Perhaps the most important way social media can improve community relations is by allowing an opportunity for feedback. Social media was not developed as a billboard and should not be viewed as a monologue. At a minimum, social media is a dialogue between an individual and an agency; in its finest form, social media allows large conversations to exist in a consolidated space. Some fear the consequences of negative comments being made, but the reality is those comments are being made whether the department is part of the conversation or not. Join the conversation and provide some guidance and direction for those negative comments.


The days of learning about recent happenings in the morning paper are long gone. The 24-hour news cycle has spread mass information, and in some cases chaos, by racing to the scene and reporting live. When on-scene law enforcement isn’t able to quickly answer questions about what is happening, journalists are inclined to find other sources: bystanders. As we know, these bystanders don’t always have accurate accounts of what transpired. If law enforcement were to take on the role of a journalist and provide breaking news or information as quickly as possible, we could greatly assist journalists. With the right information, journalists will have our narrative to draw from when reporting immediate, pertinent, and updated information; even if the breaking news provides only a vague description of an incident with the location of an upcoming press conference.

In a “need-to-know society,” our communities often beg for information about incidents that wouldn’t normally be published. Many educational institutions are governed by Clery and are required to push out emergency notifications or timely warnings. Social media can provide agencies with an additional way to reach people with information, even when Clery or press-release standards may not be met. Imagine being able to provide real-time information to your community of a major intersection being closed for a collision investigation. This resource could be invaluable, but how do you measure efficacy?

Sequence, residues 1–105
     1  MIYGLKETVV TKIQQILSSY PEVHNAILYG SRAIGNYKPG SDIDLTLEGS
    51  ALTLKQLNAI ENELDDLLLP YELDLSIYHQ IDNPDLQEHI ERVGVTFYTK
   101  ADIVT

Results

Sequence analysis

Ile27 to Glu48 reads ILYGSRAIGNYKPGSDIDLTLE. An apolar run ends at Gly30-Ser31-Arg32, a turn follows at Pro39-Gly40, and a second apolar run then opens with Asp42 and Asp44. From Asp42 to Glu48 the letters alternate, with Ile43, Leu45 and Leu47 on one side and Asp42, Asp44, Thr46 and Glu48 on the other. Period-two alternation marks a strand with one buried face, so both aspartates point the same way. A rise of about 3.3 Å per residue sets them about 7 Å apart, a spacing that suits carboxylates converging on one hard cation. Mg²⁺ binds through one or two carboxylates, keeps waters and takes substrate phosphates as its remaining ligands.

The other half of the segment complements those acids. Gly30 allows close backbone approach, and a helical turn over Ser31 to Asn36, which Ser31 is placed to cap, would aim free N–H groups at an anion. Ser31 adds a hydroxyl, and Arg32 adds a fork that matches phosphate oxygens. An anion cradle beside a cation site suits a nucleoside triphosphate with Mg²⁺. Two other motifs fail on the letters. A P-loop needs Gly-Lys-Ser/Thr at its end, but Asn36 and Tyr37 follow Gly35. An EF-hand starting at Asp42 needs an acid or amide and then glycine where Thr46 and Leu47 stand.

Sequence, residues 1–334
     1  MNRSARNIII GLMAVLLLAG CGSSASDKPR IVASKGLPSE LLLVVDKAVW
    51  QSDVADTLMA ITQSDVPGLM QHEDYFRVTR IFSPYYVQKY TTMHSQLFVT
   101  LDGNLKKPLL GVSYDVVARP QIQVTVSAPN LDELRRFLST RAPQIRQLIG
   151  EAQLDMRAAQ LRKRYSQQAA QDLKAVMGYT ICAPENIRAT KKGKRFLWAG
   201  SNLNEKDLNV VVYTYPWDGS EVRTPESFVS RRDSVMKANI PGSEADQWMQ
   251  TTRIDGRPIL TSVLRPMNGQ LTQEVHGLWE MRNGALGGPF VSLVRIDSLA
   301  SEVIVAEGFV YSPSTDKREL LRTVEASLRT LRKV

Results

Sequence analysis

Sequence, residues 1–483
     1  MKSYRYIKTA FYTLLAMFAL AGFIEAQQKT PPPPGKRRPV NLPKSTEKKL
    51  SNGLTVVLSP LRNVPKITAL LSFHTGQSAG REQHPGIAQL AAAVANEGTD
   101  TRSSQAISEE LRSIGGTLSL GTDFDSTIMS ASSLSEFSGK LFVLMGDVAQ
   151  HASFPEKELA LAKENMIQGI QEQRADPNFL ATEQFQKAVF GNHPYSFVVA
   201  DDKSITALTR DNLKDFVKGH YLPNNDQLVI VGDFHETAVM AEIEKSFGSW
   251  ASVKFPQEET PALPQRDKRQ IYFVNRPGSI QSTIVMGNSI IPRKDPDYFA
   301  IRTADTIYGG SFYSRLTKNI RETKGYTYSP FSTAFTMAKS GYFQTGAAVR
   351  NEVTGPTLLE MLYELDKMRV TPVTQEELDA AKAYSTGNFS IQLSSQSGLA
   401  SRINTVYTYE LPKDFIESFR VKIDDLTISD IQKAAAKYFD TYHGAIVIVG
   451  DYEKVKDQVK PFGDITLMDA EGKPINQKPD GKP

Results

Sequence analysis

A wise chief once suggested the use of social media as a community outreach tool is like having a bank account. Every positive interaction we have and humorous post that is shared is like depositing support into our account. Undoubtedly, something will happen and we’ll need to call on the public support that was previously deposited. By this logic, every individual share, retweet, view, comment, reply, and engagement should be considered a success.

This support can be seen far beyond the reach of your campus or community jurisdictions. With social media, our reach is limited only by the ability for individuals to get internet access. Iowa State University has more than 36,000 students, but many of ISUPD’s social media posts are being seen by more than 100,000 people. Those viewers are interacting with the posts by both commenting and by sharing the posts with their own group of friends and followers. In a world where the primary form of communication is through spreading media online, getting others to share a post is crucial.

The number of people reached on social media is not the only means by which we can measure success. Through shares and views, new opportunities can be presented. Because of a few posts the ISUPD has made regarding recent Start By Believing—a program of End Violence Against Women International (EVAWI)—initiatives, the excellent work being done by employees throughout the department is getting international recognition. EVAWI has since written a spotlight article on the department’s efforts and has asked that department members join other professionals from around the world by presenting at future conferences. Social media can help us spread an in-person message on an international stage.

While an inappropriate use of social media may result in the demise of a business or organization, social media is a friend to be embraced with open arms. With a clear plan, and the flexibility to use humor, the divide between law enforcement and the general public in the United States can begin to be closed. If you aren’t reaching your community on social media, you aren’t reaching your community.

This article originally appeared in the July 2017 issue of Campus Security & Life Safety.